The rising prospects of a trade war saw equity markets tumble through the Asian session, with demand for the Yen on the rise, as the markets continued to respond to trade tariffs, which has left the Dollar on the back foot. Risk aversion will provide support for the EUR, while the Pound will be in the hands of the Euro Summit.
Earlier in the Day:
Economic data released through the Asian session was limited to Japan’s February national inflation figures, with core inflation hitting 1%, the most marked increase in core consumer prices since the summer of 2014.
The Japanese Yen moved from ¥104.681 to ¥104.877 upon release of the figures, before recovering to ¥104.76 at the time of writing, an intraday gain of 0.49%.
Rising prospects of a trade war saw demand for the Yen pickup through the U.S session and the Asian session this morning, with the Asian equity markets following the U.S and European markets deep into the red, as Trump order levies on at least $50bn of Chinese goods imported into the U.S.
Yen strength added further pressure to the Nikkei this morning, which was down 4.37% at the time of writing, with the CSI300 and Hang Seng also on the slide, as investors run for cover ahead of punitive trade tariffs being imposed on China exports to the U.S. For the ASX200, there was nowhere to hide, even with Trump having talked up the prospects of more favourable trade terms with Australia, as mining and resource stocks tumbled, Australian trade terms with China likely to be hit hard by tariffs that would temper demand for Chinese goods. The ASX200 closed out the day down 1.96%.
In spite of the risk off sentiment, the Aussie Dollar was on the rise through the morning, up 0.25% to $0.7712 at the time of writing, with the Kiwi Dollar up 0.21% to $0.7222, a jump in commodity prices supporting the pair. Trump’s continued realignment of the administration added further pressure on the U.S Dollar, providing further upside for the Aussie Dollar and Kiwi Dollar through the session.
The Day Ahead:
There are no material stats scheduled for release from the Eurozone this morning, to provide direction for the EUR, with the markets now looking for confirmation of the EU’s exemption on steel and aluminium trade tariffs. With trade tariffs on steel and aluminium kicking in today, the EU has been hard at work to gain exemption.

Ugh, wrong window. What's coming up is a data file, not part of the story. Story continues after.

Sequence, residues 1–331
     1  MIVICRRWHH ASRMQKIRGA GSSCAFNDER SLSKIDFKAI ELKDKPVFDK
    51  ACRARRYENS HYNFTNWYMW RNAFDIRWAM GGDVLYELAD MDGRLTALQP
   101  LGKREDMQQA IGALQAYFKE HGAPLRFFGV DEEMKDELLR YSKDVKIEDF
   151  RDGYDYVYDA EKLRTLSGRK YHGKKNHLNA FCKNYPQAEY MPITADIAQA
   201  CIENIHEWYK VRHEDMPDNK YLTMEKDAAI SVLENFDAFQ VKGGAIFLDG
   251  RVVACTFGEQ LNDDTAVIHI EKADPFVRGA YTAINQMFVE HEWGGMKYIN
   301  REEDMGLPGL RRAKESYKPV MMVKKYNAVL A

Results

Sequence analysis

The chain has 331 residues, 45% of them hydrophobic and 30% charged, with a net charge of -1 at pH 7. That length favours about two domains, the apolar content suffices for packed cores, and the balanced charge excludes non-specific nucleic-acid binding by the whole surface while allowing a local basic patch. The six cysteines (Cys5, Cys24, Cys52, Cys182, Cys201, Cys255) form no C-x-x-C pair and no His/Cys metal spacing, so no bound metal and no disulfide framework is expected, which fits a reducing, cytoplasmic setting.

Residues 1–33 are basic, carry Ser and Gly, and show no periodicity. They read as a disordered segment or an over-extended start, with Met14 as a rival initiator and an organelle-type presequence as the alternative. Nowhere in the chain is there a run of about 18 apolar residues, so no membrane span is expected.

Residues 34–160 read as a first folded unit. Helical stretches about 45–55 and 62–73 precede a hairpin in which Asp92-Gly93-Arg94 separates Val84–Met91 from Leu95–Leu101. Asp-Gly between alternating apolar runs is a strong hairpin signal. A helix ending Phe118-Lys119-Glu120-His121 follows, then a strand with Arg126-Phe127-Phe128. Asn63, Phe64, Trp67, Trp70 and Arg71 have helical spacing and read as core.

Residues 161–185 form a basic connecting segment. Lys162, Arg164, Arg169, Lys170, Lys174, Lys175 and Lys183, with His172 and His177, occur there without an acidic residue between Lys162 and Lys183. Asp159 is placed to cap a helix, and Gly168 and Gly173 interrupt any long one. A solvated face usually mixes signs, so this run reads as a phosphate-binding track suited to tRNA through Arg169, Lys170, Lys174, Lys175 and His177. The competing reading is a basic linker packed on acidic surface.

Direction for the EUR through the day will be hinged on market risk appetite and whether a formal announcement of the EU’s exemption will be made later this morning, with the risk off sentiment seeing demand for the EUR on the rise through the early part of the day.
EU heads of state will be at the Euro Summit through the day, though much of the focus, from a market perspective, will be on Brexit, assuming the exemption comes through.
At the time of writing, the EUR was up 0.26% to $1.2334.
For the Pound, after Thursday’s monetary policy decision that saw two members of the MPC vote in favour of a rate hike, raising the prospects of a May hike, direction through the day will be hinged on updates from the Euro Summit, where more details on a redrafted Brexit Treaty are expected that should give greater clarity on Britain’s exit from the EU. There are no material stats scheduled for release this morning to influence sentiment through the day.
The Pound was up 0.11% to $1.4112 at the time of writing, supported by Dollar weakness. Interestingly, the EU’s lobbying to gain exemption from trade tariffs on the basis of being long standing allies ought to be food for thought for member states and the Establishment, who have been looking to strong arm Britain during negotiations.
Across the Pond, economic data out of the U.S includes February’s durable goods orders and new home sales, which are unlikely to have a material impact on the Dollar, as the markets continue to respond to the trade tariffs being slapped on China and Trump’s replacement of key members of the administration.
FOMC voting members Kashkari and Dudley are scheduled to speak this afternoon, which could provide further pressure on the Dollar, should there be any chatter on the negative effects of a trade war on the U.S economy.
At the time of writing, the Dollar Spot Index was down 0.27% to 89.612, with a jump in demand for U.S Treasuries, seeing 10-year Treasury yields fall back to 2.81%.
Across the border, the Loonie has finally found some support, with rising oil prices and hopes of a more favourable outcome to NAFTA negotiations supporting the morning’s 0.19% gain to C$1.2914 against the U.S Dollar.
February inflation and January retail sales figures scheduled for release this afternoon will provide further direction for the Loonie, forecasts skewed to the positive.